Monday, April 04, 2011

He Had A Dream

On April 4, 1968, Martin Luther King Jr. was shot on the balcony of the Lorraine Motel in Mulberry Street in Memphis. This motel today hosts the National Civil Rights Museum.

MLK June 23, 1963, Cobo Hall, Detroit
Today's anniversary of this dreadful event is a good time to listen again to one of the most moving, most convincing, most forceful speeches King ever held during his career. With many good reasons, and only little exaggeration, this speech may well be one of the most important speeches in the history of political rhetorics and public discourse. What I am referring to is King's Detroit address on June 23, 1963, on the occasion of the »Great March on Detroit«, delivered in Cobo Hall. (for photos of the location and the event visit the »Virtual Motor City« of Wayne State University.) This »Detroit Speech« is – quite unjustly – not as generally known or broadly remembered as some others of King's speeches, although it contains, in the final part, a first version of the famous »I have a dream«-passage, which then was to become world-famous by being included in King's address at the Lincoln Memorial in Washington (August 28, 1963), little more than two months later.

JET, Sept. 26, 1963
The »Detroit Speech« was released by Berry Gordy Jr., founder of Motown Records, in September 1963 on Motown's first non-music LP, viz. Gordy LP # 906, simply entitled »The Great March to Freedom« with the addition »Rev. Martin Luther King Speaks« plus date and location. This was, for the time, a noteworthy event, because for one thing Gordy supported the black Civil Rights movement and knew King personally (and met him on a number of occasions). But on the other hand, Gordy was in 1963 still reluctant to trumpet his involvement: Too much open participation in the black freedom movement carried the danger of antagonizing white customers, whose purchasing power made Motown Records »The Sound of Young America«. For this hesitant attitude, Gordy was then criticized by black and white activists alike, the former reproaching him for doing too little, the latter for doing too much already. It was only after the assassination of Martin Luther King, and I say this without sarcasm, that Gordy finally made his mind up and positioned Motown openly in support of the freedom movement. And even in this he always kept an eye on the possible positive effect for promoting Motown and selling its output ... and the mood in the country had changed a lot between 1963 and 1968. How Gordy reacted to the assassination of Martin Luther King, on occassion of its first anniversary on April 4, 1969, can be gleaned from a notice in JET:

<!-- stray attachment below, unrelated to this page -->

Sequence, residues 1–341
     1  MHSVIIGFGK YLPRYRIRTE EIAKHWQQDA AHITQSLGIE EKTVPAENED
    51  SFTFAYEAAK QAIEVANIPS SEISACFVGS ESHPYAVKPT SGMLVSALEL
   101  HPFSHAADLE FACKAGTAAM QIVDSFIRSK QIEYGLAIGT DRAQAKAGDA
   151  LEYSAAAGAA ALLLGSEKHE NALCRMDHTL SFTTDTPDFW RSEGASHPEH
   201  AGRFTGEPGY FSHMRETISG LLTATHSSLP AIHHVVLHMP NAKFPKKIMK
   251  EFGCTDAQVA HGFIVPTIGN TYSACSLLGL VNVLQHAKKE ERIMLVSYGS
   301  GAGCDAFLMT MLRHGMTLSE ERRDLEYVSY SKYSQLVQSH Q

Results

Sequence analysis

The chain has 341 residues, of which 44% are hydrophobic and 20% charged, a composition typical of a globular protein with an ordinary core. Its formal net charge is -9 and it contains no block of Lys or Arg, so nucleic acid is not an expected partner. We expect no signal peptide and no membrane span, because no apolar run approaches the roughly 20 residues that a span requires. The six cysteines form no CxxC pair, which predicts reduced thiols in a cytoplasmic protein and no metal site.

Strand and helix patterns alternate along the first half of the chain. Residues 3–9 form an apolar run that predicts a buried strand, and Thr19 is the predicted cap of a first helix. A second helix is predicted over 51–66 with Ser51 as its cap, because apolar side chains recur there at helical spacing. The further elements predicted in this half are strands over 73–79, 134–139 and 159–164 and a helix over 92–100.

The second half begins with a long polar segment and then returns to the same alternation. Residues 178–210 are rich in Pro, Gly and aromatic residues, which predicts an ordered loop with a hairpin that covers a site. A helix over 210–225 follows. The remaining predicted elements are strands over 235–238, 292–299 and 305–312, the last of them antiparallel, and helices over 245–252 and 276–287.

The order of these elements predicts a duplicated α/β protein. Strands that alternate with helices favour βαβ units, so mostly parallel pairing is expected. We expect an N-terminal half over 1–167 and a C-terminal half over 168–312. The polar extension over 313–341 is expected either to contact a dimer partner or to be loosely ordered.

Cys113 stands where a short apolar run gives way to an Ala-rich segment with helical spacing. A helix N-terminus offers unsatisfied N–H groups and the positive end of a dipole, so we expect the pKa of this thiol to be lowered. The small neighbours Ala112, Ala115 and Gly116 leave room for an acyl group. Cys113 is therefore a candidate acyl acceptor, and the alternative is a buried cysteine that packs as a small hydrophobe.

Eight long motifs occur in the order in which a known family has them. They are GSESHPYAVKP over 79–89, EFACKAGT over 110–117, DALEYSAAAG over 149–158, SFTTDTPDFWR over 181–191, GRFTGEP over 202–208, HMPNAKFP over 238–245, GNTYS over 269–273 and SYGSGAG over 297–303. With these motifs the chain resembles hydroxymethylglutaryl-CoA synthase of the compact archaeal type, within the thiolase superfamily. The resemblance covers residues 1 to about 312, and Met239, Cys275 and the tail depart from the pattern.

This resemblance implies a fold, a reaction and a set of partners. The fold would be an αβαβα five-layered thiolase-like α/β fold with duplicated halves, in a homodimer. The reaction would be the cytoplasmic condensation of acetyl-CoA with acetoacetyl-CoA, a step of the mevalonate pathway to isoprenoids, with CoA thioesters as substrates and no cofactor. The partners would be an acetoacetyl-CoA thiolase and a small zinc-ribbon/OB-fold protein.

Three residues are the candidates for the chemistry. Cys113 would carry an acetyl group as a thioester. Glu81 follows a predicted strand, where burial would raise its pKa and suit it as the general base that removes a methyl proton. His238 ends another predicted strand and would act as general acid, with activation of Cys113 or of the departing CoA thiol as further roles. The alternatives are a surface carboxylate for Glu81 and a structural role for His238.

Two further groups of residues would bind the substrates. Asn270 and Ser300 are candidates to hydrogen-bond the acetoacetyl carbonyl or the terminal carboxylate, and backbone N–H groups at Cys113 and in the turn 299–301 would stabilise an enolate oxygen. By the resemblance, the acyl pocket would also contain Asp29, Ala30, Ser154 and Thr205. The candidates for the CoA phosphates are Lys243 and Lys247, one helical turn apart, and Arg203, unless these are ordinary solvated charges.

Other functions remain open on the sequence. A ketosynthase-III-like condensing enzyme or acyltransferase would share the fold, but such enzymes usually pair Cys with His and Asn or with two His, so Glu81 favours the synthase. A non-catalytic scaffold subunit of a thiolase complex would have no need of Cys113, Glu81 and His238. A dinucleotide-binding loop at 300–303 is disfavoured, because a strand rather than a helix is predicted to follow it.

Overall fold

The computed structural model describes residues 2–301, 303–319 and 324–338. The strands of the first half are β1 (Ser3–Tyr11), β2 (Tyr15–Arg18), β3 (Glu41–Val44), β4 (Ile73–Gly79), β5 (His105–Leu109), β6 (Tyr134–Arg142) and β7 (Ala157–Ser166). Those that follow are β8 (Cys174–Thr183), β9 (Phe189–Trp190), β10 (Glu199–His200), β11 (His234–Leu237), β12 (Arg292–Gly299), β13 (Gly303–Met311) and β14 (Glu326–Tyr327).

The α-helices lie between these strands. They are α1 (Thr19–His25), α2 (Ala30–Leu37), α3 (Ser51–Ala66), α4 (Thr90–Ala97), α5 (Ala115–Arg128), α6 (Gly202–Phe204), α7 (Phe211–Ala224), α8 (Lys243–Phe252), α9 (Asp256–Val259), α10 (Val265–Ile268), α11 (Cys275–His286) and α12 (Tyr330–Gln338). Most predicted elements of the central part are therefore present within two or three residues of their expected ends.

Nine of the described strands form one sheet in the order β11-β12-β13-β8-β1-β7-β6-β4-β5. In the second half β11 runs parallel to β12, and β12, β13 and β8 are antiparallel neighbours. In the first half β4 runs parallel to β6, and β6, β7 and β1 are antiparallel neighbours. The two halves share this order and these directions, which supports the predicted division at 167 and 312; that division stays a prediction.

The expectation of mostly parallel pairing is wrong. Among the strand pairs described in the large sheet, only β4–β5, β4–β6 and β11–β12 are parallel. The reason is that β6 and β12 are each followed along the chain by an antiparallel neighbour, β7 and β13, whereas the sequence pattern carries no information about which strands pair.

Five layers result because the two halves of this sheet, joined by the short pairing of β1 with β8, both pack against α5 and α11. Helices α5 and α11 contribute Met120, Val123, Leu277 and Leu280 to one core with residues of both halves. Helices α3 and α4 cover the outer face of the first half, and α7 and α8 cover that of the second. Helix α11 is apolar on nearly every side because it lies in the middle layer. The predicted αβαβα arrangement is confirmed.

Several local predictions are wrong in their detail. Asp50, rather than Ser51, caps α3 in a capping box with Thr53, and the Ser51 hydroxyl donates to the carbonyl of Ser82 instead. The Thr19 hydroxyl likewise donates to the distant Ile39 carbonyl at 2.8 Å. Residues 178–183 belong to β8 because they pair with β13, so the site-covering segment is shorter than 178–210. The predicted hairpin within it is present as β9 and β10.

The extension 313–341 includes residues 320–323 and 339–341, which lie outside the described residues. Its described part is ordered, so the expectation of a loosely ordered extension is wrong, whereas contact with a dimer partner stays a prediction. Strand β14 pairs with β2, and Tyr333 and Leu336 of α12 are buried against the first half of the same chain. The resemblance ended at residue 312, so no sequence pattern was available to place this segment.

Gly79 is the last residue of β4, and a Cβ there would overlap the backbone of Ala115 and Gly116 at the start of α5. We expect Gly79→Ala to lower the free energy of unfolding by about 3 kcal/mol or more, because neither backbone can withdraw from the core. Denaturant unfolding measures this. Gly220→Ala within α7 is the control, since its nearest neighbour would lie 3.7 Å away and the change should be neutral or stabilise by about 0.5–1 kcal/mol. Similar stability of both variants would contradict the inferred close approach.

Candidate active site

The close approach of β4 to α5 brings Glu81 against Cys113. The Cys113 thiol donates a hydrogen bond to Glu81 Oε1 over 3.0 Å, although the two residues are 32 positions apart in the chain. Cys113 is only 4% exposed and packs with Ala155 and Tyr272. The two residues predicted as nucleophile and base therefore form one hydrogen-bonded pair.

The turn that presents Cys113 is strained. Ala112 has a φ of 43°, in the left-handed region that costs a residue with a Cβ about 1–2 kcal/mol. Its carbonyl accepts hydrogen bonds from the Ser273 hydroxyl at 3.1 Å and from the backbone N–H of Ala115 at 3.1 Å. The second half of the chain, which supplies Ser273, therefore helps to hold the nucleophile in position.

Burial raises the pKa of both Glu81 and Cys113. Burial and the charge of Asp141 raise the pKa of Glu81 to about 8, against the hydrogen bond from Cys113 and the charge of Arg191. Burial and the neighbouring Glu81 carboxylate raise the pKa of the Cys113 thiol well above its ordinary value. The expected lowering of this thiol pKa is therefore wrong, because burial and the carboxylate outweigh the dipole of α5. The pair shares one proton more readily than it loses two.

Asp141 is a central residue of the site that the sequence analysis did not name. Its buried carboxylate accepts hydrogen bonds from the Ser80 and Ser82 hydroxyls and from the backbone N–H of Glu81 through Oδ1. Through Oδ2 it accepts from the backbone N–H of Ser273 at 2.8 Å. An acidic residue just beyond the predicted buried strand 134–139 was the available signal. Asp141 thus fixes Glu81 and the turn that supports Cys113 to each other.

JET April 10, 1969, p. 58

In how far Motown was involved in the »Great March to Freedom« in Detroit, June 1963, is an interesting story; also the Gordy LP # 906 could not be released without some complications. Suzanne E. Smith in Dancing in the Street: Motown and Cultural Politics of Detroit (Cambridge, Mass. 1999) and Brian Ward in Just My Soul Respon- ding: Rhythm and Blues, Black Consciousness, and Race Relations (Berkeley 1998) have reconstructed this story in detail, and you can read it in their accounts. I will come back to this argument on a future occasion. Today is not the day to do it. Today, you should listen to Martin Luther King.

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Important passages from the »Detroit Speech« by Martin Luther King (June 23, 1963) from the Gordy LP »The Great March to Freedom«:

Segregation is Wrong (3rd part of the speech)

The events of Birmingham, Alabama, and the more than sixty communities that have started protest movements since Birmingham, are indicative of the fact that the Negro is now determined to be free.
     For Birmingham tells us something in glaring terms. It says first that the Negro is no longer willing to accept racial segregation in any of its dimensions. For we have come to see that segregation is not only sociologically untenable, it is not only politically unsound, it is morally wrong and sinful. Segregation is a cancer in the body politic, which must be removed before our democratic health can be realized.
     Segregation is wrong because it is nothing but a new form of slavery covered up with certain niceties of complexity. Segregation is wrong because it is a system of adultery perpetuated by an illicit intercourse between injustice and immorality.
     And in Birmingham, Alabama, and all over the South and all over the nation, we are simply saying that we will no longer sell our birthright of freedom for a mess of segregated pottage. In a real sense, we are through with segregation now, henceforth, and forevermore.

The Urgency of the Moment (5th part of the speech)

But these events that are taking place in our nation tell us something else. They tell us that the Negro and his allies in the white community now recognize the urgency of the moment.
     I know we have heard a lot of cries saying: »Slow up and cool off.« We still hear these cries. They are telling us over and over again that you’re pushing things too fast, and so they’re saying: »Cool off.« Well, the only answer that we can give to that is that we’ve cooled off all too long, and that is the danger. There’s always the danger if you cool off too much that you will end up in a deep freeze.